Tips & Tricks

6 Ways To Develop Your Child’s Vocabulary Through Conversation

Did you know that children with normal hearing can hear up to 30 million words before they are four years old? Research tells us that children with hearing loss need a higher level of speech exposure to gain the same benefit.

Children need a broad vocabulary to be good readers, as they are more likely to learn to read a word that is already part of their spoken or receptive vocabulary. We know that children can learn the meaning of words from the context that they hear them in. For example, they will learn the names of different fruits if they are taught them while making fruit salad. If we remember to talk, talk, talk to our children then they will learn lots of words, which will eventually help them when they are learning to read!

In this post, we’re going to go through six simple strategies that you can use for when talking with your child to teach them new words. We’ve used an example situation of preparing for a birthday celebration, however you can apply the same six strategies to almost any everyday communication situation with your child, such as getting changed, or setting the table.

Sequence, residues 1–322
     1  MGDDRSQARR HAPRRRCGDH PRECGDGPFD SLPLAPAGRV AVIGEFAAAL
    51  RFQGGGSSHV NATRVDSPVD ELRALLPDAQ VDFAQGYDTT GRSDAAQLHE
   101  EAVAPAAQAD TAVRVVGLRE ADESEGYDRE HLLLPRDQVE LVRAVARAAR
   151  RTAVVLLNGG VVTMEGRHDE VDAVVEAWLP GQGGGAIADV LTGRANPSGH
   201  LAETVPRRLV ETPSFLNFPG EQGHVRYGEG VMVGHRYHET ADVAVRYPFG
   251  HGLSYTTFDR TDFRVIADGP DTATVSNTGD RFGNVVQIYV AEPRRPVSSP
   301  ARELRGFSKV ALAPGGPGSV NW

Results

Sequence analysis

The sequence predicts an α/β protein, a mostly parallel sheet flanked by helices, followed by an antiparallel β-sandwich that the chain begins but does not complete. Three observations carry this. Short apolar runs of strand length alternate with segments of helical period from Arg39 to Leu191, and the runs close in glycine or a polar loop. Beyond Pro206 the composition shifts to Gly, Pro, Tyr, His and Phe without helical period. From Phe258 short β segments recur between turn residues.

6 Ideas For Vocabulary Development

1: Put emphasis on the new word when you say it. Use acoustic highlighting to make the new word stand out in the sentence. E.g. “The decorations for the party were great.”


2: Show an illustration or a demonstration. Show your child a picture, a gesture or an action to help consolidate the meaning. E.g. “See, here’s a picture of the decorations—there are balloons and streamers.”


3: Provide a definition. Explain to your child what the word means. E.g. “Decorations are things we use to make something look exciting or beautiful.”


4: Relate the word to other words your child already knows. E.g. “We put some decorations on your birthday cake. We made it beautiful and it sure looked exciting! Do you remember, we put on Buzz Lightyear and chocolate buttons!”


5: Repeat the word again in conversation. E.g. “I think we should find some decorations to make Grandpa’s party look more exciting. What do you think we can use for decorations?”


6: Teach Similes. A simile is a way of using the words ‘like’ or ‘as’ to compare two things. The comparison helps your child to understand the relationship between words. It also helps them to remember and recall these words. Similes help children to learn more about how other people think. Here’s some examples of similes children might like:

  • Can you be quiet as a mouse?
  • Jack ran as quick as a cat.
  • This shopping is as heavy as an elephant.
  • That truck rumbled as loudly as thunder.

You might also like to use similes to help your child understand more about the 5 senses;

Sight: Grandma’s eyes are blue as the sky

Hearing: The baby’s laugh is like a dolphin

Smell: Your shoes are as stinky as a pig pen

Touch: Grandpa’s hands are as rough as sandpaper

Taste: This candy on the cake is as sour as a lemon


These steps for vocabulary instruction will help your child will hear more words, and you will be closer to your 30 million word target.

Happy talking!


Check out cochlear implant surgeon Diana’s advice on the importance of talking with your child to build vocabulary.



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